Montreal's Ghislain Maduma (12-0, KO8) took on Mexican Josafat Perez (13-4-1, KO8) in the evening's third bout. This bout was for the WBC Continental Americas lightweight title. In plain English, continental titles are the method used by the WBC to extort money from countries other than the USA and Mexico. This was a great fight from the first bell to the last punch. Maduma dropped Perez in the opening round but Perez deserves a lot of praise for almost lasting the full ten rounds with a deadly puncher like Maduma. Perez was handicapped almost from the start when a head butt during the first round opened up a nasty gash on his forehead, precisely between his eyes. The blood ran down into his eyes and covered his entire face like a mask yet he still fought like a warrior in every round. His vision was greatly limited due to the torrent of blood from the cut that seeped into his eyes throughout the bout. His corner did a great job of closing the cut after each round but then it didn't take much to get the claret to start flowing down his face again like a river flooding it's embankments.
Maduma also suffered a nasty cut from the same head butt that cut Perez, in the first round. The cut was in the corner of his right eye and bled sporadically throughout the fight. Maduma's corner did a good job of making the cut a non-factor in the fight. Maduma was just too strong and too quick for Perez, managing to move him with every power shot he landed. Perez endured many hellacious two-fisted flurries to the head in just about every round of the fight. There were half a dozen times during this spirited scrap when Perez looked to be headed to the canvas. It was obvious to all that from the 6th round on, the only chance Perez had of pulling out a victory was by way of knockout and that was simply not going to happen for him. Perez did a good job of sliding with a lot of the shots he took and deflecting many others with his shoulders and mitts. Yet, he did absorb a huge amount of punishment during the bout. Hs corner gave him the benefit of the doubt and let him continue to come out for each round.
In spite of Perez's desire to continue against overwhelming odds, it had to have been readily apparent to Perez's corner that their fighter stood virtually no chance of winning the fight after round 6. The question arises then, why let their guy continue to take such a beating? Especially when he is still very young with a full career in front of him. There comes a time when the corner must intervene on behalf of their fighter especially when their fighter has no chance of winning and is continuing to take a sustained beating. Perez's corner dropped the ball big time in that respect.
The fight ended suddenly in the 10th round when Maduma dropped Perez with a vicious body shot. Perez had a delayed reaction to the punch. He took a step back and then took a knee. He got up and signaled to the referee that he had indeed had enough. His corner should have done that for him at least three rounds prior to the stoppage.
The headline fight of the evening featured the unbeaten and always dangerous Denton Daley (8-0, KO5) against American Richard Hall (30-11, KO28) for the NABF cruiserweight title. Hall was introduced as a former world champion but a quick look at his record tells the real truth concerning his world title claims. On December 5th, 1998, Hall knocked out Anthony Bigeni in three rounds for the lightly regarded interim WBA World light heavyweight title. Now, Hall deserves some measure of credit however. He did challenge the great Roy Jones Jr. for the WBA/WBC/IBF cruiserweight world title and lasted until round 11 before succumbing to a knockout defeat. Any fighter who managed to go that far with a prime Roy Jones Jr. is fully deserving of respect.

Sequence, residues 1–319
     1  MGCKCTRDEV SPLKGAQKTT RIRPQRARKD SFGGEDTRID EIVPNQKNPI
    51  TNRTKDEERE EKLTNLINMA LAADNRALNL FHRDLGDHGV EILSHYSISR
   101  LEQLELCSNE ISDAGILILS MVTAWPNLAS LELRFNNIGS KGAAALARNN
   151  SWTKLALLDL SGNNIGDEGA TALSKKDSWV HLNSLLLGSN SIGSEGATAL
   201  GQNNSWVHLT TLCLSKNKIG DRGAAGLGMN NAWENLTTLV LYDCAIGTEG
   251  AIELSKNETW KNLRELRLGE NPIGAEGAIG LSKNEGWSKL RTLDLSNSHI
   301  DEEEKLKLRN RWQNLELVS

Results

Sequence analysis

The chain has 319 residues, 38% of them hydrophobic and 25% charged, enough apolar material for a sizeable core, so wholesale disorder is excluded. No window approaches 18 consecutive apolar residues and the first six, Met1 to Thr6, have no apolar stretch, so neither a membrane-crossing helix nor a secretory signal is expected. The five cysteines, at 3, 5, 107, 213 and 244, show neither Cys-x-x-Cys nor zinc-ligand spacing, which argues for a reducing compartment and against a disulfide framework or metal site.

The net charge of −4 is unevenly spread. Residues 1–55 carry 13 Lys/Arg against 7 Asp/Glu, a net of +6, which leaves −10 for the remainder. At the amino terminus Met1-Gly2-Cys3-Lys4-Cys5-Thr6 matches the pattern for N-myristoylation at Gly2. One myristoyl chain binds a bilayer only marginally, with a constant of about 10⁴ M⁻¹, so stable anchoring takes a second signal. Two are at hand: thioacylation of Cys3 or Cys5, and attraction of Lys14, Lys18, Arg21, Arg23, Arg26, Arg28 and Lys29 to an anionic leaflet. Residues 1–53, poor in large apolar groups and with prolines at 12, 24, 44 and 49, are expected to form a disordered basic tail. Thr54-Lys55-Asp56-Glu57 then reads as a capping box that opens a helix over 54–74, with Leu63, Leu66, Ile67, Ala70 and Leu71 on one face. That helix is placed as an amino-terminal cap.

Hall was chosen as an opponent for the young and learning Daley for another reason altogether. He has lost 5 of his last 6 fights and is at least a decade past his best before date. In other words, although skilled he possessed virtually no threat to Daley at all. This was a thoroughly one-sided affair with Daley using Hall's head and body for heavy bag practice. Daley had very little trouble finding Hall who stood directly in front of him at all times. Hall, at 6'3" towered over Daley but chose to not use his decided height advantage to help create some distance between Daley and himself.
There is no doubt that Daley has quick hands and packs a huge punch with both fists. He seems to have one particular style of fighting, which is simply to wade in on a straight line toward his opponents and simply let his hands go. So far in his career, Daley has fought guys with limited skill who have unwisely decided to stand there in the pocket and trade with him, which is to Daley's advantage of course. Daley needs to learn how to use the entire ring to his advantage during a fight. He would be well served to learn how to effectively cut off the ring, trapping his hapless opponents in the corner, thereby forcing them to trade shots with him.
Daley likes to showboat when he has his opponents hurt. That is not to everyone's taste. There is an old saying in boxing that states when you have your guy hurt, then get him out of their immediately. Daley likes to let his foes hang around a bit when he has them hurt so he can show off a bit more. The downside to that strategy of course is sooner or later one of those guys will come back and knock you out. Admittedly It seems somehow disingenuous to criticize a fighter who won all ten rounds of a fight against an experienced opponent.
Yes, Daley did look outstanding against Hall who was basically a shot fighter hanging on for one more small payday. Still one can't help but wonder how good Daley can be eventually if he continues to learn his craft well. Daley would be better served to learn how to jab his way in and to throw all of his power shots off of his jab. Daley has made it a habit to stop and admire his punches during the course of a fight. Against a skilled counter puncher, that will cost him big time. A top ranked fighter will slip his shot and then drop him with a quick counter punch. Let's hope Daley corrects this flaw on his own before somebody does it for him. Daley should also be using his short stature to his advantage by fighting out of a crouch and thereby giving his foes an even smaller target to aim at.
For a prizefighter with only nine professional fights, Daley is extremely impressive to say the least. He has yet to lose but questions still remain regarding his ring style and technique. With only 9 bouts under his belt, he does however still have a lot to learn about the finer points of the game. There will come a day, during his career, as it surely does for every young prospect with heavy hands, when he lands his knockout punch on a skilled and seasoned fighter and that fighter takes the shot very well and fires back with equal or greater power. How Daley reacts in that moment will decide the rest of his boxing career. All we can do is wait and see.